If you need to know about batteries; you’ve come to the right place
Chinese flag点击这里访问我们的中文网站Chinese flag

The U.S. Department of Energy (DOE)

DOE launches $209M fund to develop lithium-ion batteries and fast charging technologies

Thu, 11/18/2021 - 14:33 -- Paul Crompton

The U.S. Department of Energy (DOE) has announced $209 million in funding for 26 laboratory projects focusing on electric vehicles, advanced batteries and connected vehicles. 

The laboratory projects aim to address four critical goals in the US’ goal of becoming a “global leader” in electric vehicle and battery innovation under president Joe Biden’s administration.

Those goals are: reducing costs and size of next generation battery technology; advance 15-minute fast charging technologies; mitigate potential grid impacts of electric vehicles and streamline cooperative vehicle-to-vehicle communications and controls that reduce energy use and emissions. 

The laboratories, including Pacific North West National Laboratory, ORNL, and National Renewable Energy Laboratory, mainly focus on solid-state batteries.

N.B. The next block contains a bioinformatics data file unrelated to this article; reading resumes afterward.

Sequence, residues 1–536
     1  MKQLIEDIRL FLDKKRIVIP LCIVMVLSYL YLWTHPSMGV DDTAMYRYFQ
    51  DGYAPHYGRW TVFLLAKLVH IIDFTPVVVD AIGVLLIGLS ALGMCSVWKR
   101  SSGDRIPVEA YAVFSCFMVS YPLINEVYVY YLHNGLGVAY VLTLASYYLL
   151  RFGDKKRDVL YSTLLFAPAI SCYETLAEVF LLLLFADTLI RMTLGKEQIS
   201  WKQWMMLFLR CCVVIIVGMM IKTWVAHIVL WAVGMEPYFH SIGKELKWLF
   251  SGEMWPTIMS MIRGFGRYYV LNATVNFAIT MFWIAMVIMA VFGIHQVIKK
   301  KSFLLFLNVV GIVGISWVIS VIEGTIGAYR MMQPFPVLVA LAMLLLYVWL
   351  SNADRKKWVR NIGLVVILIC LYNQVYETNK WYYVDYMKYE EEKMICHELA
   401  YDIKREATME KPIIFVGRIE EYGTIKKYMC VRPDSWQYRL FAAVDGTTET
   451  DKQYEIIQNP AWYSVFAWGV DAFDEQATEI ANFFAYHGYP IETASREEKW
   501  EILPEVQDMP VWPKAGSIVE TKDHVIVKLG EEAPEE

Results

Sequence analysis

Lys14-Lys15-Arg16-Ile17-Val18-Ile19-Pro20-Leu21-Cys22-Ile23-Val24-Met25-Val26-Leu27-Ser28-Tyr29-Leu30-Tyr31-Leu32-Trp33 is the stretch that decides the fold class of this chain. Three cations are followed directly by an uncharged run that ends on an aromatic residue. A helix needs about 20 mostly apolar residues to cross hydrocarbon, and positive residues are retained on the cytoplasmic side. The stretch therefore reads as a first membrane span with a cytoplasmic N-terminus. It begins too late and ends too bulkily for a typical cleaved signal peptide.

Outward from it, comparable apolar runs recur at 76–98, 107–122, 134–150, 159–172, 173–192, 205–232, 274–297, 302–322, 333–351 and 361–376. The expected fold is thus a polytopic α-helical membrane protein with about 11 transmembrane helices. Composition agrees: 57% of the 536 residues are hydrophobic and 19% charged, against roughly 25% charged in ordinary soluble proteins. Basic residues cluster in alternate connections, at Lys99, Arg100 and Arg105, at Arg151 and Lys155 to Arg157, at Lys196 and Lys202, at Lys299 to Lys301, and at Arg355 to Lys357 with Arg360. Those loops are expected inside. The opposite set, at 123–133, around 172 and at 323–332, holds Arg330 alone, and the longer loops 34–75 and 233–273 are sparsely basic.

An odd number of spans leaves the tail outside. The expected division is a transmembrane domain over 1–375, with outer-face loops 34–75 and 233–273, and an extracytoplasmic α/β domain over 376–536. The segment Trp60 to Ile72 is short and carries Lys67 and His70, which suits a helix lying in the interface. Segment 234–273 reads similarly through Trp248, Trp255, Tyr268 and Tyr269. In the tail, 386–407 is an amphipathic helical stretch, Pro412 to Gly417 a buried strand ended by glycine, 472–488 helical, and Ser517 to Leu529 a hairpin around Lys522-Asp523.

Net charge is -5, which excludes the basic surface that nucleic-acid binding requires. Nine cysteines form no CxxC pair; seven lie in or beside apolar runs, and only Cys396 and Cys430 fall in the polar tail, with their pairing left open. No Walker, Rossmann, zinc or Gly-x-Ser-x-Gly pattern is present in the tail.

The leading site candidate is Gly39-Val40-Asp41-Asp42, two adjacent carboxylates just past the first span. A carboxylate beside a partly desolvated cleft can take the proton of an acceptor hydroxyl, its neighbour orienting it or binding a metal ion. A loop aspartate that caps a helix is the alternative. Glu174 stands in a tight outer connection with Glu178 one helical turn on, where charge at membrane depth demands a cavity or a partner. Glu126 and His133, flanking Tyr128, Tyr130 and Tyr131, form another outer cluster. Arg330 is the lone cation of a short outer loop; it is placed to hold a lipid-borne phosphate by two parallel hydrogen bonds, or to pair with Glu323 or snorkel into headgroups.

To review the full list of the selected projects, click here

Additionally, DOE’s Argonne National Laboratory has launched the Li-Bridge public-private partnership to bridge gaps in the domestic lithium battery supply chain. 

The US relies heavily on importing advanced battery components from abroad, which leaves the country exposed to supply chain vulnerabilities that could disrupt the availability and cost of electric vehicles technologies, including batteries. 

The Li-Bridge will work with the entire National Laboratory complex to accelerate the development of a “robust and secure” domestic supply chain for lithium-based batteries. 

Argonne will engage with the federal sector through the Federal Consortium for Advanced Batteries (FCAB), which was established by DOE to put the U.S. on a path to long-term competitiveness in the global battery value chain.

Sign-up to our FREE weekly industry newsletter, to get the weeks news delivered to your inbox every Monday.
Subscribe to The U.S. Department of Energy (DOE)